With the new season of Game of Thrones now in full swing, the topic of spoilers is one you often hear discussed. Are you as hooked as we are here at House of Coco?
If you are watching in the UK on Sky (and if you are not, you can get the Sky contact telephone number to set it up here), then you may well be watching it as it is first aired in America, but if you don’t stay up that late, chances are you spend Monday mornings terrified someone who has seen the new episode will spoil it for you in person or online.
There is plenty of advice out there to help you if you want to avoid seeing spoilers about season 6 of Game of Thrones, and there are even apps and a Chrome extension to help block out things in your social media feeds and Google search results that contain words that suggest they could have spoilers in them. However, we can’t assume everybody is using these, which presents something of a problem when you actually have watched something other people don’t want spoiled, and really wish you could discuss it!
Some Things You Just Can’t Share!
Right now, there is a big irony at play with social media when it comes to talking about conventional media, whether it is a TV show or movie, or even a novel. While you have more freedom than ever to publish your thoughts on these things thanks to your Facebook and Twitter accounts, and your blog if you have one, the fact that we need to avoid spoiling the fun for people who aren’t caught up yet means we are actually very restricted in actually doing this! When the last Star Wars movie, The Force Awakens, was first released, you could say that you were going to see it or update your profile picture with a lightsaber, but what you could not do was emerge from the cinema and excitedly ask what other friends who had also seen it thought about your favourite scene.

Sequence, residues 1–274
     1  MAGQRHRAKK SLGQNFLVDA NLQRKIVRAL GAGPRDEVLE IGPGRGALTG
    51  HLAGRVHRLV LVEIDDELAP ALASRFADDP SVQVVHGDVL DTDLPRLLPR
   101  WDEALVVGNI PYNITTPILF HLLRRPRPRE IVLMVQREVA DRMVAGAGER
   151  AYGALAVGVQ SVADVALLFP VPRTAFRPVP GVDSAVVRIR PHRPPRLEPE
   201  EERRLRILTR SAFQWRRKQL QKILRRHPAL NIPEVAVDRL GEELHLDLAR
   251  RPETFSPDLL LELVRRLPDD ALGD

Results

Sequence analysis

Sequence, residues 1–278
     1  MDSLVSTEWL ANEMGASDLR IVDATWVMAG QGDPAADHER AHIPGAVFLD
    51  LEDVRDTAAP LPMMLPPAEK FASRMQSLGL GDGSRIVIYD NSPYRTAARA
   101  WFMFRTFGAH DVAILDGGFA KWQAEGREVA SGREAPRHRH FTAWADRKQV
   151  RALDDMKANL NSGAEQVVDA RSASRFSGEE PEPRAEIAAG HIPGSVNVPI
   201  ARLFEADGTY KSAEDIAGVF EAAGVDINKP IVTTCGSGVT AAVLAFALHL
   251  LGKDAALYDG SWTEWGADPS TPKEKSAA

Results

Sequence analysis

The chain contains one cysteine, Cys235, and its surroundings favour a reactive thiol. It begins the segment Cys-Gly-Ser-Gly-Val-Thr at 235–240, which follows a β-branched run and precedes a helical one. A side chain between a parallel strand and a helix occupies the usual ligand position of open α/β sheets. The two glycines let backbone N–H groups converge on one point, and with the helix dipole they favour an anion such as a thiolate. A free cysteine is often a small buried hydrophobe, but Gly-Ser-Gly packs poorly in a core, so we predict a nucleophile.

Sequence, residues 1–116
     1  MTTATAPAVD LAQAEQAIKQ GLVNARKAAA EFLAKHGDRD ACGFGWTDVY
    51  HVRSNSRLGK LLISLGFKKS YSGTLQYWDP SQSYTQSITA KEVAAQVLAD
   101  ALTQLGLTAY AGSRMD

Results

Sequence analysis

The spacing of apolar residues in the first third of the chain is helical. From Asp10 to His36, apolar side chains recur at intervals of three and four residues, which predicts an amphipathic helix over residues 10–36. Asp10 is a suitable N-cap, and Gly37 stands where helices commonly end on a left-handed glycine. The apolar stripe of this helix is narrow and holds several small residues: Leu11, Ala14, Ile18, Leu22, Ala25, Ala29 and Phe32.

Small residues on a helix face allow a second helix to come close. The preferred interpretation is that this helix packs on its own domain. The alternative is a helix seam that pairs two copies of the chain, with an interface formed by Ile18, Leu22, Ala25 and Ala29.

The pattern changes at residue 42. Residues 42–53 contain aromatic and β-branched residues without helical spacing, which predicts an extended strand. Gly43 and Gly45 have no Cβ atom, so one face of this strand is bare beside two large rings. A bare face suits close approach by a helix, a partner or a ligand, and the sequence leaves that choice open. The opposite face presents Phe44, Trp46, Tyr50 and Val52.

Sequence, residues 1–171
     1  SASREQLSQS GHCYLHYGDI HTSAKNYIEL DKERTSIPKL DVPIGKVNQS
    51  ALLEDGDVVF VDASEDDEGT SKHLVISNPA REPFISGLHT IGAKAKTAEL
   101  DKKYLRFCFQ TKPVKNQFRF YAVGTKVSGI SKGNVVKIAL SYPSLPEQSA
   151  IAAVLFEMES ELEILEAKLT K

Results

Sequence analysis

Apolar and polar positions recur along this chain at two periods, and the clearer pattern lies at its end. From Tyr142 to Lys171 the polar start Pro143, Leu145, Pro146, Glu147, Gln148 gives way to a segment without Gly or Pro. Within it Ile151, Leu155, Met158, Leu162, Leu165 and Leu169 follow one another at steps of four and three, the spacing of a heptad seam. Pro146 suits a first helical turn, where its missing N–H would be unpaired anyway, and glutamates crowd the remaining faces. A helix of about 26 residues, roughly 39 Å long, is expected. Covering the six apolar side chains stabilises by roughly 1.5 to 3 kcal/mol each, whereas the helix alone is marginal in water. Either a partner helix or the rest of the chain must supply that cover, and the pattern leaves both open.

Why There Should Be Solutions at the Content Creator’s End
As we have mentioned, there are solutions to help the content reader avoid seeing things with certain words or phrases in – they can mute hashtags on Twitter, clean up their various newsfeeds with apps, and block themselves from seeing spoilers with browser extensions – but none of this really gives you the freedom when writing content, whether it is a Facebook status update or a blog post, that contains spoilers without there being a very strong risk of upsetting someone. This ruins some of the enjoyment that there could be of having detailed conversations on social media about the things we’ve seen and our shared reactions.
What Might This Look Like?
What would be great then, is a system on Facebook where you could tag your posts as containing spoilers about something – whether it be a TV show, a series of books, a new movie, or even the results of a sports event, and users could opt in or out of seeing anything with that tag. You could then opt in to seeing things with the tag as soon as you’d caught up, and be able to see all the detailed discussions friends had had about the media in question already.
Hopefully, addressing the spoiler issue for content creators is something the social media platforms and search engines are thinking about, as an internet where you could freely talk about things you had seen without causing any problems would be a wonderful thing!